Protecting Your Child From Swine Flu 

 Originally Written: August 31, 2009

By  Hanna Trafford

Last Updated on August 31, 2009 by Hanna Trafford

Swine Flu Virus
Swine Flu Virus

In light of the recent reports that some swine flu cases were reported, I have put together a short information guide on what to do when your child has flu symptoms and you start worrying. It is important to note that teens are not immune to this flu as it was previously thought. Some flu cases were reported in a school in New York so caution is recommended.

What is Swine Flu?

Swine Influenza (swine flu) is a respiratory disease of pigs caused by type A influenza virus that regularly causes outbreaks of influenza in pigs. Swine flu viruses cause high levels of illness and low death rates in pigs. Swine influenza viruses may circulate among swine throughout the year, but most outbreaks occur during the late fall and winter months similar to outbreaks in humans. The classical swine flu virus (an influenza type A H1N1 virus) was first isolated from a pig in 1930.

You can not get swine influenza from eating pork or pork products. Eating properly handled and cooked pork and pork products is safe. Cooking pork to an internal temperature of 160°F kills the swine flu virus as it does other bacteria and viruses.

Influenza viruses can be directly transmitted from pigs to people and from people to pigs. Human infection with flu viruses from pigs are most likely to occur when people are in close proximity to infected pigs, such as in pig barns and livestock exhibits housing pigs at fairs. Human-to-human transmission of swine flu can also occur. This is thought to occur in the same way as seasonal flu occurs in people, which is mainly person-to-person transmission through coughing or sneezing of people infected with the influenza virus. People may become infected by touching something with flu viruses on it and then touching their mouth or nose.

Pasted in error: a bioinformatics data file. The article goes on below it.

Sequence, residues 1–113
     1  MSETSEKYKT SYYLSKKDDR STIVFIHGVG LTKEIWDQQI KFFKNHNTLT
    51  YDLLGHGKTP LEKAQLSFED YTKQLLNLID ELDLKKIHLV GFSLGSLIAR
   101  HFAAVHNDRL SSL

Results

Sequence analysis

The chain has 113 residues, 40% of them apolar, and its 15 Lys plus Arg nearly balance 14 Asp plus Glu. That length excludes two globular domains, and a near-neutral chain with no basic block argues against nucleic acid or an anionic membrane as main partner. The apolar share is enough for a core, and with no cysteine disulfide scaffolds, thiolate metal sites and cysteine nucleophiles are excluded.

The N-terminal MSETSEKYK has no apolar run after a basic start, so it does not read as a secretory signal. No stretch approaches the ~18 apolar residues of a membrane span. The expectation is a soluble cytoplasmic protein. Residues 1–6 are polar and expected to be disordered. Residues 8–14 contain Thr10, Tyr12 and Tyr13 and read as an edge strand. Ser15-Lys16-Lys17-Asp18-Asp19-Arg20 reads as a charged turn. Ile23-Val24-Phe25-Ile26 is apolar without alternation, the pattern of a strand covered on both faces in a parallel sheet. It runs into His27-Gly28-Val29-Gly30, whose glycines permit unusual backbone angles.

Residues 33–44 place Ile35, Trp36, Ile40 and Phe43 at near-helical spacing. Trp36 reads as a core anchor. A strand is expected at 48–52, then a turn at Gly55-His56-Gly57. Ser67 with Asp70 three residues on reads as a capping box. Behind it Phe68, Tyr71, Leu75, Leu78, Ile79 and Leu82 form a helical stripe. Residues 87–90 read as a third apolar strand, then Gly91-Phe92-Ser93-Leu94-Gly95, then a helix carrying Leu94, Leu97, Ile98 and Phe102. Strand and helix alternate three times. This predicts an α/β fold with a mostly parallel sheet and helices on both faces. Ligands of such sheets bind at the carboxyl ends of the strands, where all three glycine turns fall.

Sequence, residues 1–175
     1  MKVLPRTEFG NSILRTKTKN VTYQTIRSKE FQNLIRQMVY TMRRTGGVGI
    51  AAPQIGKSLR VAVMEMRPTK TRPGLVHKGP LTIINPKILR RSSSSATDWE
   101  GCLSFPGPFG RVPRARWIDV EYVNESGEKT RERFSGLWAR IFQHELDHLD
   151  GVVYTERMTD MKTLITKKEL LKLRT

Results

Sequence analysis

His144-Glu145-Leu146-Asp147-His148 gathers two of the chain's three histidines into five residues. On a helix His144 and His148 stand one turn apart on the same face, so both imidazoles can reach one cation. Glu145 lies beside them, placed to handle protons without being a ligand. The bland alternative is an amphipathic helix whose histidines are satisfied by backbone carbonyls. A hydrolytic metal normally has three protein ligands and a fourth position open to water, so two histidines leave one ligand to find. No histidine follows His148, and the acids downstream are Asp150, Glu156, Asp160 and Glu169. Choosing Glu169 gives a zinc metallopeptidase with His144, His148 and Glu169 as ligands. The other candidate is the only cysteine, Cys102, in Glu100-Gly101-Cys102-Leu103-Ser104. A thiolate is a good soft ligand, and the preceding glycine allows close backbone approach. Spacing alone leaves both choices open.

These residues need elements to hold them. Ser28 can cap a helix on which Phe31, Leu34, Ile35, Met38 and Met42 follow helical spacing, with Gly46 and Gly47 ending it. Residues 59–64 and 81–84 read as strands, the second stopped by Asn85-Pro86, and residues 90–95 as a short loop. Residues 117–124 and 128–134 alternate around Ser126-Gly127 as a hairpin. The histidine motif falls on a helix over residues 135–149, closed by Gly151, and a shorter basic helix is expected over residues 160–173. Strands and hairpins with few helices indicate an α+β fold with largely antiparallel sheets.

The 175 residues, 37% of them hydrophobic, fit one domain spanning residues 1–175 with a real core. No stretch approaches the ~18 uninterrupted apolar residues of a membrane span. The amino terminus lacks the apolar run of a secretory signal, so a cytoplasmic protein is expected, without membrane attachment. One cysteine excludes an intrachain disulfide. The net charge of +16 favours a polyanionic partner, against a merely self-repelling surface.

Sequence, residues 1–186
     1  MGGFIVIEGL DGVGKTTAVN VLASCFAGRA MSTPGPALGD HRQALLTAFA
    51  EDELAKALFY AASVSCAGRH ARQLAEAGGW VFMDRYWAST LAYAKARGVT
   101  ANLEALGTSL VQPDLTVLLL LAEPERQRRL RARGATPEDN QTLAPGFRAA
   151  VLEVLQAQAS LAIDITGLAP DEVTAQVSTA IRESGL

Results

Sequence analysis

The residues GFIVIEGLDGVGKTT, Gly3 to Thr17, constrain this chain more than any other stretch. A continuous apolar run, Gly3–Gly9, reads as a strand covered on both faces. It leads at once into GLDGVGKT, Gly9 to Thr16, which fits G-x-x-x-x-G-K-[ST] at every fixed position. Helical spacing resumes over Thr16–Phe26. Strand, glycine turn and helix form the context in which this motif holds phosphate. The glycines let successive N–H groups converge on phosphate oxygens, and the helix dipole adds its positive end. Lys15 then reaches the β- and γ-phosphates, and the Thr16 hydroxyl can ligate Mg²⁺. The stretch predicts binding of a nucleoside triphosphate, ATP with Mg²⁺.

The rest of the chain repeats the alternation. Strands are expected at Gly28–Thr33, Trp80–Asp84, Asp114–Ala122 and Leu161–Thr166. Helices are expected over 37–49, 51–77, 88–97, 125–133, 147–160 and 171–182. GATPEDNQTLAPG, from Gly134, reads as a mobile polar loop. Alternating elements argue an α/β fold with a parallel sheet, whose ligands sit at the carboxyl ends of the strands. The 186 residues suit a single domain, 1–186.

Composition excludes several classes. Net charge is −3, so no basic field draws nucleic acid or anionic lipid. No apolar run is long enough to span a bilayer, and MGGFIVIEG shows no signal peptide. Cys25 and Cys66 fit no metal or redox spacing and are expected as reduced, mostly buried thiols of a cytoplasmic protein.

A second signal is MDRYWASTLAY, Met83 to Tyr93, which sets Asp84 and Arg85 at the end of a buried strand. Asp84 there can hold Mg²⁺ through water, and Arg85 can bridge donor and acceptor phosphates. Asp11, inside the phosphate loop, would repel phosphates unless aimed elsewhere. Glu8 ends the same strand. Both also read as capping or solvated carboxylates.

Here are symptoms to watch for:

  • Fever
  • Cough
  • Sore throat
  • Body Aches
  • Headache
  • Chills
  • Fatigue
  • Vomiting
  • Diarrhea

What To Do When Symptoms Appear:

  • Keep him home from school
  • Contact your family physician, since to accurately diagnose swine flu, respiratory specimen needs to be analyze by a qualified laboratory. Early report to the physician is a key here – the specimen needs to be taken in the first 4-5 days of symptoms.
  • Seeking help early might make a difference in preventing the illness from getting worse

Preventing Flu:

  • Good hand washing is always important – using alcohol-based sanitizer
  • Give your child tissues to cover their mouth and noses if they sneeze or cough. The virus is transmitted through respiratory droplets
  • Ask your child to be aware of his friends having symptoms and ask him to make sure he keeps his distance and tells you about it

Final note – just in case you wondered:

The H1N1 swine flu virus is not the same as the human H1N1 virus. They are very different and therefore vaccines for human seasonal flu would not provide protection form H1N1 swine flu viruses.

Please add your comments, suggestions and tips on preventing flu – this is all about sharing and your input will be valued by others!

Thank You!


Hanna Trafford

Hanna is the mother of two grown sons Dan and Dusan Nedelko, and is also the Grandmother to Jax, Cohen and Mila. She is the lead editor of Mama Knows and is hoping to create an exchange of communications with other grandmothers, mothers and daughters - giving everyone the opportunity to learn and share about everything that is "Mama"

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